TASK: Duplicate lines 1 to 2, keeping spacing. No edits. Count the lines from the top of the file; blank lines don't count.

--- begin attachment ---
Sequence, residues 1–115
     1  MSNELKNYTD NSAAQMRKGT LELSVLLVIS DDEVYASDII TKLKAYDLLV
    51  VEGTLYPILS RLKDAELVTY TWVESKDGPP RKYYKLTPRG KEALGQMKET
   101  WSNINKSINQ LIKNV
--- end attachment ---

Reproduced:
Sequence, residues 1–115
     1  MSNELKNYTD NSAAQMRKGT LELSVLLVIS DDEVYASDII TKLKAYDLLV